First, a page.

Why it’s important to be visibly “out” at church


As Calgary Pride Week is on right now, I thought I’d share a story about why it’s really good to be visibly out as an LGBTQ person in church.

But first, the backstory.

When I was figuring out what “gay” was back in the early ‘80s, and not even knowing what words to use for it myself, I ended up in a gay bar with my best guy friend. That bar was the Parkside Continental. And we went there nearly every weekend to dance and have fun.

There were all sorts of baby dykes, twinks, older gay men, and drag queens there, but one person who really stuck out was this cool, quiet mullet-topped leather dyke in her 40s. I remember thinking at the time, “She’s a bit old to be hanging out with this crowd.” But when you’re 20, everyone over 30 looks old to you – especially in a gay bar.

Fast forward to the summer of 2004.

I lived in Toronto for 14 years, and attended the Metropolitan Community Church for part of that time. I was seeking a similar spiritual community in Calgary – one that was not just gay positive, but one that allowed LGBTQ members to be completely out, and flourish within the church. I was looking for unconditional love and acceptance. Plus, I was single, and it was a perfect time to join a church.

It’s hard to tell your gay friends that you are a Christian. Mostly because a lot of Christians publicly say they hate gays. In fact, to this day, I’m still quite closeted about it, so it took me a long time to find a church. I heard a rumour that Knox was gay friendly and I was looking for a church that would accept me as I am.

I had been hurt by a few “love-the-sinner-hate-the-sin” churches and their members, so I was very cautious. I had also been raised in one of those churches. I didn’t know a thing about the United Church. And this big old cathedral seemed very traditional from the outside.

One Sunday morning I slipped into Knox on the left side near the back – heart pounding so hard I was sure people could hear it.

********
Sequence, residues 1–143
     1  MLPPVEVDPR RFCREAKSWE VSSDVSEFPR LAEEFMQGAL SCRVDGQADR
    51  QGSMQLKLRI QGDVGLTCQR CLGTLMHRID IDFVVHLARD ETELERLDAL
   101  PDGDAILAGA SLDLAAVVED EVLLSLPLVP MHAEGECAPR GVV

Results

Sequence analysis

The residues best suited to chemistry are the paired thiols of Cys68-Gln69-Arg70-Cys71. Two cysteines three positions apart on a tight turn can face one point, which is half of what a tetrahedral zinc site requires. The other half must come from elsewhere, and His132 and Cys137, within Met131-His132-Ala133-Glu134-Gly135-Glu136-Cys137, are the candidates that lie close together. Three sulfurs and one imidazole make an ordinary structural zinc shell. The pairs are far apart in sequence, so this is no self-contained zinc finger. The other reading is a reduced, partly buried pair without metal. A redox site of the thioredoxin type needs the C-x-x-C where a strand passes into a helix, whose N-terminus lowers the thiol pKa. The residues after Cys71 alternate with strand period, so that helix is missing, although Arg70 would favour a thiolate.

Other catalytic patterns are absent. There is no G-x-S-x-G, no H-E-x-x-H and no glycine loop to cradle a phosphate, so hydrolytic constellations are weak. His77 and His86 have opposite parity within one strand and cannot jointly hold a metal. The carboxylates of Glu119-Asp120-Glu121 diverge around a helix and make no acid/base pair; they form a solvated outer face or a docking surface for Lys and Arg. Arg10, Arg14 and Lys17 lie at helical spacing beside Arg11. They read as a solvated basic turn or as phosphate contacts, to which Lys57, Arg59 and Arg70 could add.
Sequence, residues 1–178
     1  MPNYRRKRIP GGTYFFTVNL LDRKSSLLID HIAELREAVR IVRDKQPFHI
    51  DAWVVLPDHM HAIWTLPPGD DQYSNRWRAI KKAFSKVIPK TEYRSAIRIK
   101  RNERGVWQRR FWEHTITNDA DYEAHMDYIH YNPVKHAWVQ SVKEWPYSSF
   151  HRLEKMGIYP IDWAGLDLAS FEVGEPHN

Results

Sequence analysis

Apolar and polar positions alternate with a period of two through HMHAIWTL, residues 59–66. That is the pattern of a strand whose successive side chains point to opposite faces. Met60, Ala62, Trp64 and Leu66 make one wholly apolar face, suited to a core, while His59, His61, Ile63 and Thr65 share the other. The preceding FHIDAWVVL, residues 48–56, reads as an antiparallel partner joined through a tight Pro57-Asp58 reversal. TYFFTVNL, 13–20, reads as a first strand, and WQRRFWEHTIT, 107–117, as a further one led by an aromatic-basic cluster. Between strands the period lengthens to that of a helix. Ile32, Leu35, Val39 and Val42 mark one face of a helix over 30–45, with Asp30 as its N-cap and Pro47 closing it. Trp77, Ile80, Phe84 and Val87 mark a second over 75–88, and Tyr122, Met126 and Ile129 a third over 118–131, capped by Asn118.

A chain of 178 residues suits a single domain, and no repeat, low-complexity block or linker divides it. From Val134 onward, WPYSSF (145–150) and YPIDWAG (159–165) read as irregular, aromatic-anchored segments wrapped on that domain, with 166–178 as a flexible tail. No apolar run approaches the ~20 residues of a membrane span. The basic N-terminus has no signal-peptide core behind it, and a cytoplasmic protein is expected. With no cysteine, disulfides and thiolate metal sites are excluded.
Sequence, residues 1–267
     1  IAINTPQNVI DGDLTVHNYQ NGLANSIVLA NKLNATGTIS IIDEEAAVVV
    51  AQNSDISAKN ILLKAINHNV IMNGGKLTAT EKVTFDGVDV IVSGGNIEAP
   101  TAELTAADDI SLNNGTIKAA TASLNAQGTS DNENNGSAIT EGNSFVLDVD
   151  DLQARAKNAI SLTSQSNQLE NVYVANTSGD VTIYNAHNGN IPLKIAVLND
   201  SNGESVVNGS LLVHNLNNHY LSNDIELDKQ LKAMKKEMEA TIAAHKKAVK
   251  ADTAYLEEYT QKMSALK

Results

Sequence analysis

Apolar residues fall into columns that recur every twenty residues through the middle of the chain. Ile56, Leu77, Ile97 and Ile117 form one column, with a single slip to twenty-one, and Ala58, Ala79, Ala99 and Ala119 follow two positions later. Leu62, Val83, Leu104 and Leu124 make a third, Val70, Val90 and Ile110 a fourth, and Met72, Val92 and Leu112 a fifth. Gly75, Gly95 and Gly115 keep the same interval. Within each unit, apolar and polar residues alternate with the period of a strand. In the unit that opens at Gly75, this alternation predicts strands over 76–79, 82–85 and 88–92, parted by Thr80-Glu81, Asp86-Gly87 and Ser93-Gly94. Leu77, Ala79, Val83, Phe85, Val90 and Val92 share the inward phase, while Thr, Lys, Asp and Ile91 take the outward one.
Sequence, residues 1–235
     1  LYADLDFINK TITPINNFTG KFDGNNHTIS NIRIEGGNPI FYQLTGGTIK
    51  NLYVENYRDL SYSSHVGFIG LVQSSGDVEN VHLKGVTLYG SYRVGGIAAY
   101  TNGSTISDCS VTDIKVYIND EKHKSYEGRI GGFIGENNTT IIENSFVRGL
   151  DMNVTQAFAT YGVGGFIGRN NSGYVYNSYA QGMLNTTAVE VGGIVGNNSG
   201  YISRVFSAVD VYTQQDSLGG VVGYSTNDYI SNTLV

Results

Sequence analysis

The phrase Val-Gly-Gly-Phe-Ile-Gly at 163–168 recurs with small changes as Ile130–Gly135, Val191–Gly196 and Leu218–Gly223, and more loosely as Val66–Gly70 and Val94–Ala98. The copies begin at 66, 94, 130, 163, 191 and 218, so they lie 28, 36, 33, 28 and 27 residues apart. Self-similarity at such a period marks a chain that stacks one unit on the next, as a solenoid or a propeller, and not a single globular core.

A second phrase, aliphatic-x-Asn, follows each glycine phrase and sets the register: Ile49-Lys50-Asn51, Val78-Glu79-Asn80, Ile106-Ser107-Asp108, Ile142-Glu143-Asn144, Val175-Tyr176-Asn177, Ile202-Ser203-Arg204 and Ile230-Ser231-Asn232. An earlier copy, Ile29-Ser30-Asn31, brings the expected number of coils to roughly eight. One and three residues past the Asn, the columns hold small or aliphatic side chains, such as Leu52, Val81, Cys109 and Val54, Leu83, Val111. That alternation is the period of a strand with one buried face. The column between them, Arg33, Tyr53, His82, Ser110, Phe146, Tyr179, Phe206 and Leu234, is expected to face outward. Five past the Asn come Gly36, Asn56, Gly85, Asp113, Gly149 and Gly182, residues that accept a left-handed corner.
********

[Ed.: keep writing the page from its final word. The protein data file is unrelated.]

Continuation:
Then I saw her walk in. It was the gal with the white mullet from the Parkside club, who I hadn’t seen in 30 years. And she still had the same hairstyle!

Inside, I cried with joy.

I started to look around a bit more, and saw other gays and lesbians in the church.

I was in the right place!

When they passed the collection plate, the usher had a t-shirt that said “Provincetown Bears”.

I nearly choked on my peppermint!

Here I am 11 years later, and that gal with the white mullet, Lois, has become one of my good friends.

I’m so happy that Lois didn’t change her style too much. Her visibility was a clear message that Knox was a safe place for me.

As it happens, Lois is a Calgary gay icon – a founding member of Club Carousel in 1968. Club Carousel was one of Calgary’s, and Canada’s, first gay clubs. You can read more about Club Carousel, and the Calgary Gay History Walk, in this Metro News article.

Maybe one day Knox will be a stop along the Gay History Walk too!

Happy Pride Week!

March with Knox in the Pride Parade on Sunday, or wave to us from the sidelines. And give your Knox LGBTQ friends an extra hug this week.

By Marlene (I can’t put my last name here, because sadly there are still parts of my life where I can’t be fully out)

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